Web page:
The Sisters Servants are women who have responded to Christ’s call
to dedicate their entire beings and lives to God.
The Sisters Servants of Mary Immaculate, a Ukrainian Catholic apostolic congregation, are called to be witnesses of Christ, living out His Gospel through sharing our lives with each other as a community, in prayer, love and service.
The Sisters are called to respond with openness in a spirit of trust, humility, simplicity, hospitality and joy in service of God’s people, primarily but not exclusively, those of the Ukrainian Catholic Church.
“The Mother of God is the example of self-giving. Under her patronage, the Sisters dedicate themselves daily to Christ and are co-workers with Him for the salvation of the world. The Mother of God, who in great faith and humility received the Word which took flesh within her, gives the Sisters an example of how to be attentive and open to God’s creating power. She lived joy in her obedience to the Father, showed strength in accepting her poverty and a readiness to receive life in her virginity. These characteristics of her total self-giving to God are the ideal and inspiration for the Sisters to follow.”
Chapter 1, # 3 of the Constitution of the Sisters Servants of Mary Immaculate, (2006) with reference to Vita Consecrata.
The Sisters’ day ends with the singing of a third-century hymn to the Mother of God:
“We fly to your tender protection, Virgin Mother of God – Theotokos. Do not turn away from us in our time of great need, but deliver us from danger. You alone are pure, you alone are blessed.”
The love of Christ has joined us in this Congregation, and Christ will be the source of His Life and strength, if we carry out this command: “in the measure that we love one another, so will Jesus Christ live among us with His love.” (cf Constitution of 1892, Ch. 3 Par. 3)
The Sisters create a community of love in the image of the Most Holy Trinity, as did the community of the first Christians, whose center is Jesus Christ. We foster in each other a mutual respect and love, based on God’s love, not only in words, but above all, by our actions. (cf. Constitution of 1907, par. 130)
The Congregation, founded over one hundred years ago in Western Ukraine, is of papal rite, with its General headquarters in Rome. It is subdivided into seven Provinces, one of which is the Canadian Province, under the patronage of Christ the King, and under the leadership of the Provincial Superior and her Council.
Left to right: 2nd Councillor Sr. Anne Pidskalny, 3rd Councillor Sr. Laura Prokop,
Provincial Superior for Canada – Sr. Christina Syrotynsky, Vice-Provincial and 1st Councillor Sr. Patricia Lacey,
and 4th Councillor Sr. Patricia Besko
As a young woman of Lviv, Ukraine, Michaelina Hordashevska experienced a call to the religious life and searched for a way to respond. Privately, she sought spiritual direction from Father Jeremiah Lomnitskyj, OSBM. In 1892, at the age of 22, with the guidance of Father Jeremiah and material help from Father Kyrylo Seletskyj, she became the first member of the first active apostolic congregation of women in the Byzantine-Ukrainian Catholic Rite, the Sisters Servants of Mary Immaculate. In this newly formed community, she took the name of Josaphata.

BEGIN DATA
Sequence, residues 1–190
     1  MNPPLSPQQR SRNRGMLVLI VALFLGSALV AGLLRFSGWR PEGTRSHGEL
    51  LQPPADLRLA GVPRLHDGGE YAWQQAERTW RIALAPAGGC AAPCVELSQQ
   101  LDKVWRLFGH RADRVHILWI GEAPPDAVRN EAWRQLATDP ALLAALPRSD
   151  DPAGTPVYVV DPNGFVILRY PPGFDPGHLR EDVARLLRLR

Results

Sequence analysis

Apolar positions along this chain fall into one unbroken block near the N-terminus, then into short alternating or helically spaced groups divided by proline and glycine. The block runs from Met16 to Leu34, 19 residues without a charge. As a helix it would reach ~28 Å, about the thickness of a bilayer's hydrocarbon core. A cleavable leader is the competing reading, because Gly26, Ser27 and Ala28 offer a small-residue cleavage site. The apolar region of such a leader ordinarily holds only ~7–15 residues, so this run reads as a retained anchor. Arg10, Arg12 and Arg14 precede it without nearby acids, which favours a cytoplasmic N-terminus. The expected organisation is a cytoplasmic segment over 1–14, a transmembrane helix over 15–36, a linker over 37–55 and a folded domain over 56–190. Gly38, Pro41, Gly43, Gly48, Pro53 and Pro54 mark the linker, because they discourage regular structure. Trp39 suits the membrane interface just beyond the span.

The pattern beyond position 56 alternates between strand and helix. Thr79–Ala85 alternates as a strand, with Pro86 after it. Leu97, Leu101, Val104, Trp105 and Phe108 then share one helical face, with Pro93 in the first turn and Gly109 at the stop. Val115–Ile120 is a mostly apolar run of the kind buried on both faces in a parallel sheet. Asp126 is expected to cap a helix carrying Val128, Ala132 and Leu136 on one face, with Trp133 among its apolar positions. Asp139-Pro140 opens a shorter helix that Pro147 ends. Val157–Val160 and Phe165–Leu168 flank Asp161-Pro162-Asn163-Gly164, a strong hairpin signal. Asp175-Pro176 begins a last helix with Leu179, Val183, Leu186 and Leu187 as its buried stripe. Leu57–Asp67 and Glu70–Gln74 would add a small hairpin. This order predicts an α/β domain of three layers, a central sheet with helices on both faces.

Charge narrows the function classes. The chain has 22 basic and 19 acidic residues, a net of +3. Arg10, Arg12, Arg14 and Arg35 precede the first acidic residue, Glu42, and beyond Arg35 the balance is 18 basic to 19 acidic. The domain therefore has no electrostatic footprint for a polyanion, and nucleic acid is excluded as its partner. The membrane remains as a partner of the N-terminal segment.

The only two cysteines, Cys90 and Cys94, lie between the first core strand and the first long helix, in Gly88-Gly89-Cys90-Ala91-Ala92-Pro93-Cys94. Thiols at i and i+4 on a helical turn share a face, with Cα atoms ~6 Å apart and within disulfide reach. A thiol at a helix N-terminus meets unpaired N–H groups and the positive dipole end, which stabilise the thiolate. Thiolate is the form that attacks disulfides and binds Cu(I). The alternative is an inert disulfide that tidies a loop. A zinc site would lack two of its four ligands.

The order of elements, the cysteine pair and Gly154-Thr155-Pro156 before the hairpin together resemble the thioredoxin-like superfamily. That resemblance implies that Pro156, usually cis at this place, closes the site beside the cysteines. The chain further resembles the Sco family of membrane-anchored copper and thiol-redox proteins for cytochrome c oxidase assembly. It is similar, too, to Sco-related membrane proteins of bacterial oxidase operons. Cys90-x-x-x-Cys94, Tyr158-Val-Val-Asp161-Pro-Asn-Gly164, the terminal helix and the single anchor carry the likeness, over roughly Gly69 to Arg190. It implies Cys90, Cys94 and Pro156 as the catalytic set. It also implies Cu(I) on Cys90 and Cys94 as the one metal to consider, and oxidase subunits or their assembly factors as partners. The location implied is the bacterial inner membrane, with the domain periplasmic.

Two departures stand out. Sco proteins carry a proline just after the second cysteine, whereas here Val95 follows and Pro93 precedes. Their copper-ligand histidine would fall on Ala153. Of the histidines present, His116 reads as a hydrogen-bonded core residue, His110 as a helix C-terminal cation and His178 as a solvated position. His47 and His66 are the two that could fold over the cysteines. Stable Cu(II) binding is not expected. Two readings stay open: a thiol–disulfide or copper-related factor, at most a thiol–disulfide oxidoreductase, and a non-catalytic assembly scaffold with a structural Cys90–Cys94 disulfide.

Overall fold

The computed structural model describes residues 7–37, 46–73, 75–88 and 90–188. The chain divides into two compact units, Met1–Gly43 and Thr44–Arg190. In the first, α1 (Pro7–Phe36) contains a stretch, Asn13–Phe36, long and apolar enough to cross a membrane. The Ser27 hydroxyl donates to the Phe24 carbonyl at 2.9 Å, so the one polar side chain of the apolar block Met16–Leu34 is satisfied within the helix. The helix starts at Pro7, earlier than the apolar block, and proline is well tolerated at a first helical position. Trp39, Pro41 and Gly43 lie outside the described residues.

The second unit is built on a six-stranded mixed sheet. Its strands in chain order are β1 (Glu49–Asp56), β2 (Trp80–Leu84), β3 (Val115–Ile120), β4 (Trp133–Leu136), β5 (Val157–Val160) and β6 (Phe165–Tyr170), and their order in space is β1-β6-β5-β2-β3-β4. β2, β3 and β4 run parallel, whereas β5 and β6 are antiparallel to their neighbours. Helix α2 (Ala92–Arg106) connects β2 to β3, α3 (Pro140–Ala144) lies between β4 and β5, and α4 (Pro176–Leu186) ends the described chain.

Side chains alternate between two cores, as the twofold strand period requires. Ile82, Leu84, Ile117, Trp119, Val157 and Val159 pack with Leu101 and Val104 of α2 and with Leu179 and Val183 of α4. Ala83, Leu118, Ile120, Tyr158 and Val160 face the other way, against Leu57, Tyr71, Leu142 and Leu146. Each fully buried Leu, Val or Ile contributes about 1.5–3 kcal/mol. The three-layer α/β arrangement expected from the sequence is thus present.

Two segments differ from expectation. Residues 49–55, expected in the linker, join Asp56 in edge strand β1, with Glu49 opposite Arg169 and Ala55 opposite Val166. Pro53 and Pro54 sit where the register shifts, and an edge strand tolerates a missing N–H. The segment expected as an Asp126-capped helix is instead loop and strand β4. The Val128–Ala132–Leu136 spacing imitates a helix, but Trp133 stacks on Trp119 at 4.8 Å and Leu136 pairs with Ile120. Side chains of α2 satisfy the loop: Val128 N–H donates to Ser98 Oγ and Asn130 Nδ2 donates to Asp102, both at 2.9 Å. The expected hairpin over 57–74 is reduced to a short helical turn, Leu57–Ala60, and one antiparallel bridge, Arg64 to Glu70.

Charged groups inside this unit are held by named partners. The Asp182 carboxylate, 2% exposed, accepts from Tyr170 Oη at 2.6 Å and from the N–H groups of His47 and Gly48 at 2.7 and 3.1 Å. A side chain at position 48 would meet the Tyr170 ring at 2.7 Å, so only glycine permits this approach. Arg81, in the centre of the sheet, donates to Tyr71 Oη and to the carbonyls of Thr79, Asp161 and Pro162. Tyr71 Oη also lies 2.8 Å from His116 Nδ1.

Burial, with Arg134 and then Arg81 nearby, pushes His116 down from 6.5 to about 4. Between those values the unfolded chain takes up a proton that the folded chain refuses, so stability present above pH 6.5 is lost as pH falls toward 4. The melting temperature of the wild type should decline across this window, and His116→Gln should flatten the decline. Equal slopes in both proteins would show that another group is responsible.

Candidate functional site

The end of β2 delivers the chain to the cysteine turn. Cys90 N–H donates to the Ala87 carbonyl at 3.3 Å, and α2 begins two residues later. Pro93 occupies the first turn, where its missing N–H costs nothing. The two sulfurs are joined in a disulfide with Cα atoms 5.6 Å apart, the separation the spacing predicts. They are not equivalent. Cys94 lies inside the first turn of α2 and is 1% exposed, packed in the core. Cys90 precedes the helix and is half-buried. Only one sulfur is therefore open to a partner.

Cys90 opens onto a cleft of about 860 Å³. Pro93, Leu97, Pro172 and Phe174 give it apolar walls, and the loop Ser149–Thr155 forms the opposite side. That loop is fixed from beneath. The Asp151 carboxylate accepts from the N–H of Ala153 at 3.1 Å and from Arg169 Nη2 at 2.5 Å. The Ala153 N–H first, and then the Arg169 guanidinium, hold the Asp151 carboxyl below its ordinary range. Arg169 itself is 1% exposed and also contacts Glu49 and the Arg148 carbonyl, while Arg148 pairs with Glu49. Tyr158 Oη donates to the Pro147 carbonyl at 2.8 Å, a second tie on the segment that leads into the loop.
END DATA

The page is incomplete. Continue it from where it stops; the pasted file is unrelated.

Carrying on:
The first years of this young community were very difficult for the Sisters, especially for Sister Josaphata. But her steadfastness, determination and faith gave her the courage to bear the many trials and sufferings she encountered in carrying out this God-given call “to ennoble the hearts of the morally oppressed people, who were yearning for a spiritual uplifting and renewal”.
She loved her young community of Sisters, encouraging them to lead a life of “contemplation in action,” in service to people. This lesson they learned well. “God’s children” they were called by the people of the towns and villages, as they went about caring for the young, healing the sick and spreading God’s Word of hope and enlightenment.
In 1919, at the age of 49, Sister Josaphata fell asleep in the Lord. In death, as in life, her courage and determinations were unflinching. Her longing for union with her Divine Lord was finally satisfied, as she reached her heavenly Jerusalem.” Today, her mortal remains rest in the chapel of the Generalate of the Sisters Servants in Rome. In 2001, she was beatified by St. Pope John Paul II, during his pastoral visit to Ukraine.
The Sisters began their work in Ukraine over 125 years ago, but soon after, responded to needs beyond Ukraine, beginning in Canada. When the first four Sisters arrived in Alberta in 1902, they quickly became a light to many Ukrainian immigrants helping them to adjust to their new homeland. These pioneer Sisters opened schools, began parish work, and ministered to the sick and needy. The Sisters taught the children as well as the parents to read and to flourish in their rich spiritual and cultural heritage.
In the spirit of their founders and reading the signs of the times, the Sisters continue to respond to the needs of the Church. Remaining faithful to their charism and their founders’ words, “Serve where the need is the greatest,” their original ministries of education, health care and parish ministry in all its facets continue in new forms, adapted to current situations.